and thus into the hull as a whole. The scantlings of these members increase with the length of the
ship because of their contribution to the longitudinal strength of the hull.

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4. Side Construction

Transverse Side Framing

Transverse Side Frames help

to resist water loads applied to
the outside of the shell, they
serve to stiffen the side plating
against buckling. They furnish
vertical support to the
outboard ends of the beams
supporting the several decks.
In addition, side frames resist
loads imposed by contact with
piers, docks, and lock sides.

The brackets used for these

connections must be carefully
Detail B designed to avoid
discontinuities and provide for
the proper transition of loads.

Another function of side

Detail A frames is that of contributing
Detail D resistance to racking stresses
caused by rolling of the ship
and by impact of seas against
Detail E the topsides especially when
the transverse bulkheads are
widely spaced or omitted

Detail C

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Detail A
Tween Deck Frame

A-A: Connection between lower

and upper frames and tween deck A

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Lapped Knee Bracket

Prof. Khaled Atua Ship Construction

Types of Knee Brackest


Lapped Knee Bracket

Butt Knee Bracket Perfect Lapped Bracket

ƒ Stronger when subjected to tension ƒ Longer line of contact, hence, greater
ƒ Attachment of the beam to the frame amount of weld and greater connectivity
ƒ Support the outboard end of the beam by ƒ Firmer fixation of corner between deck and
reducing the effective span side plating
ƒ Minor resistance to ship’s racking ƒ Smoother stress flow between deck
transverse and side frame through bracket

Detail D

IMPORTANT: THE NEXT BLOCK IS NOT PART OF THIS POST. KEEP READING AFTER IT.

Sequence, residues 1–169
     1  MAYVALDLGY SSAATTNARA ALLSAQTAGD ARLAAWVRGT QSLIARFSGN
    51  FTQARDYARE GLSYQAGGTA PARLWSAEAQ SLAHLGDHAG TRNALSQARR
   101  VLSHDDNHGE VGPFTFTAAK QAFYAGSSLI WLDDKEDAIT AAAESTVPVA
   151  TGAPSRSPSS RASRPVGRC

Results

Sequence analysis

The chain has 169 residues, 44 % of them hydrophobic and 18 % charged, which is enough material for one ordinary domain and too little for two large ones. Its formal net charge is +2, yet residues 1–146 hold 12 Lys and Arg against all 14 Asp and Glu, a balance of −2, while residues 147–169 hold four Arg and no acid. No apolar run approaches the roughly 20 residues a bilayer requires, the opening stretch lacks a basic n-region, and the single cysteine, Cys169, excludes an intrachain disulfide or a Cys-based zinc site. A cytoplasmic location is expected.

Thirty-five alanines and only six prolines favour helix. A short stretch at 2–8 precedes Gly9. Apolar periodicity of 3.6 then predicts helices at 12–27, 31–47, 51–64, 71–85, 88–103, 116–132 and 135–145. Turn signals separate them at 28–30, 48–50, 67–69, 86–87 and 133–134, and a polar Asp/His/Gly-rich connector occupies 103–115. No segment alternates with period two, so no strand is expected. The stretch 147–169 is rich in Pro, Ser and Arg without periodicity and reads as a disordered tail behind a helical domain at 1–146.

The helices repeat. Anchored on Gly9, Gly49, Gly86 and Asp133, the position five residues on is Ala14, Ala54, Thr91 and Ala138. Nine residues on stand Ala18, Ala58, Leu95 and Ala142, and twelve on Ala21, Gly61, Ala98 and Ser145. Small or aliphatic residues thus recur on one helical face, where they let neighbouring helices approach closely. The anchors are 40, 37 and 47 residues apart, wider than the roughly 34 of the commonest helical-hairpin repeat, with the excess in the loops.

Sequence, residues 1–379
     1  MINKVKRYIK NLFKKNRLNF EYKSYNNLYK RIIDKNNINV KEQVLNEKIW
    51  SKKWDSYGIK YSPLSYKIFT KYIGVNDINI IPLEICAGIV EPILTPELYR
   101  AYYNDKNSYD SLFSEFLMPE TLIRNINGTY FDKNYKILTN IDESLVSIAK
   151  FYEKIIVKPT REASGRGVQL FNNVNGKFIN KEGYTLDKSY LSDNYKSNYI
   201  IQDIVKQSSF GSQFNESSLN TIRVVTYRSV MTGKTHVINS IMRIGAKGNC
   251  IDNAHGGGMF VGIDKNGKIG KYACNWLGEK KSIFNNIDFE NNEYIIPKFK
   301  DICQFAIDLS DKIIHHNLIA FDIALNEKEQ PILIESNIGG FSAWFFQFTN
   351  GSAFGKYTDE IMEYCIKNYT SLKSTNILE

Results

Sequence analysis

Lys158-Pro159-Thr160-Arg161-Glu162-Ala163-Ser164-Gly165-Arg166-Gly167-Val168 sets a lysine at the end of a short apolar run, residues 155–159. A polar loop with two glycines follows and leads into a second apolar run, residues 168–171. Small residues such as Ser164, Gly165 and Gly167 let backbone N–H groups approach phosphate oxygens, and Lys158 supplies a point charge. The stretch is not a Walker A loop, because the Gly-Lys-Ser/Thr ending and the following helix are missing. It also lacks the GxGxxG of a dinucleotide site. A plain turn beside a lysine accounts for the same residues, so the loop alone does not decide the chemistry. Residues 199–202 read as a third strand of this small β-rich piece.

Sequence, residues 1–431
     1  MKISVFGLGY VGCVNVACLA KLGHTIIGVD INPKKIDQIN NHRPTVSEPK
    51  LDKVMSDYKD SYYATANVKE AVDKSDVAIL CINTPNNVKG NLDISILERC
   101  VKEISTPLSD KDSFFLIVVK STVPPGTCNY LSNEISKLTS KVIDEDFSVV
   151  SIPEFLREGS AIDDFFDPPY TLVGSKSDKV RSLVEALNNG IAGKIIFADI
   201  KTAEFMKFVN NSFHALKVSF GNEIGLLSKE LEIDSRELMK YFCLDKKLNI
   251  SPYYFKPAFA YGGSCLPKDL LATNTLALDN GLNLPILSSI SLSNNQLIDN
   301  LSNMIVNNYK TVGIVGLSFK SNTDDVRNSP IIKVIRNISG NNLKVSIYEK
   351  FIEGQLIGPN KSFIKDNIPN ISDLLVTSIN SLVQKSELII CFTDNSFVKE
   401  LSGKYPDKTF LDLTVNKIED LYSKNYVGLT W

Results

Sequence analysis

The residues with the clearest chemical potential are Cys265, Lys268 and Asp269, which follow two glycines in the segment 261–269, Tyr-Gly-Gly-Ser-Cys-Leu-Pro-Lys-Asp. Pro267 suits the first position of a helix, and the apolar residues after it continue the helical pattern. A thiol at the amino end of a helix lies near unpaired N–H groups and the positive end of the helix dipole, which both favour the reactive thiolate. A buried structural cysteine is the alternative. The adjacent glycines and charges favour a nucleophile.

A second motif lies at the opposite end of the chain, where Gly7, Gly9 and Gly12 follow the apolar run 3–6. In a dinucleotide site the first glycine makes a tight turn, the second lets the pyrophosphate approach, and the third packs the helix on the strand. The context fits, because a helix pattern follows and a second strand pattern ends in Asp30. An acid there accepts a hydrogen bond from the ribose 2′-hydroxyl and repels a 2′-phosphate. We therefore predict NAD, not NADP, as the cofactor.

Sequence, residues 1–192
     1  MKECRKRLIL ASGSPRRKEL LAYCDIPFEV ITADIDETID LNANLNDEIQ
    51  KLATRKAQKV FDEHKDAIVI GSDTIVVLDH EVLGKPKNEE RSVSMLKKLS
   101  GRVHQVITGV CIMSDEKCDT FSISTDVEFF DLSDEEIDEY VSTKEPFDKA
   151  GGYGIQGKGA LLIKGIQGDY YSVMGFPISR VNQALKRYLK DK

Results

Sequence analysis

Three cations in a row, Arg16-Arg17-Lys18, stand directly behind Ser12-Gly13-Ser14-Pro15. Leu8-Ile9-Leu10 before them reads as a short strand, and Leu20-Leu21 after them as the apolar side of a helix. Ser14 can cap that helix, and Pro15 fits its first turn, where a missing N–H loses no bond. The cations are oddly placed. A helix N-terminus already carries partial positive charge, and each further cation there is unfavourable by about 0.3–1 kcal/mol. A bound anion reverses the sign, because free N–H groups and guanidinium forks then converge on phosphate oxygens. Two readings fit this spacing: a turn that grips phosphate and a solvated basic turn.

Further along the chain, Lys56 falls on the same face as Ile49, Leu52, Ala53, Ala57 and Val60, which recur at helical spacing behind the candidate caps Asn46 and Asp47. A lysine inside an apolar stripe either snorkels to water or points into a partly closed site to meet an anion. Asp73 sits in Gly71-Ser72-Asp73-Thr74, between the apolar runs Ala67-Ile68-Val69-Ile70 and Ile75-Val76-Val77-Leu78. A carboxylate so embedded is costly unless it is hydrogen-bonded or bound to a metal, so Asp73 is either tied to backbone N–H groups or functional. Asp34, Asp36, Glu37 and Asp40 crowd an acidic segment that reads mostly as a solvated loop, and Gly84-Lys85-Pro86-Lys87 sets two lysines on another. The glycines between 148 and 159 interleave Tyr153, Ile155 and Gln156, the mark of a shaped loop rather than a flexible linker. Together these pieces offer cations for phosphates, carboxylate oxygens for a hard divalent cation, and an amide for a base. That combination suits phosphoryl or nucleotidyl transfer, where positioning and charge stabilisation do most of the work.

Continuous Bracket Flanged Butt Knee Bracket
ƒ Only at web frame and transverse deck web beam ƒ Flanges are provided to create greater support
ƒ Made of a built T section (welded plates to form instead of fitting a larger bracket
the bracket flange) ƒ Flange also helps to decrease the thickness of th
ƒ Perfect stress flow between deck transverse beam bracket
and side web frame
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Sec. B-B

Detail B
B-B: Knee Bracket


Tween-deck Frames. The section modulus of tween-deck frames plus plating,

depends on the height and vertical locaion of the tween decks and the spacing of the
frames. Detail A.

Sections Used for Side Framing. The sections most commonly used for frames are
flat bars, inverted angles, bulb plates, and T-sections. The inverted angle may be either a
rolled section or cut from a channel

Bevel of Side Framing. The webs of side frames are set normal to the longitudinal
center plane of the ship, and, as a result, are not normal to the shell. This facilitates
alignment with transverse members, while the angularity at the shell does not cause a
severe construction problem.

Looking Ford

Sec. C-C Sec. C-C

Looking Aft

Bevel of Side


Detail C Detail C
Bevel Side Stringer Straight Side Stringer
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Lower Connections of Hold Frames. As shown in Fig A. The web of the

bracket is welded to the inner bottom and the flange cut clear of the inner bottom.
Where the hold frame brackets interfere with cargo stowage, they are eliminated by
running the frame down to the inner bottom and welding it. In this case, the flange must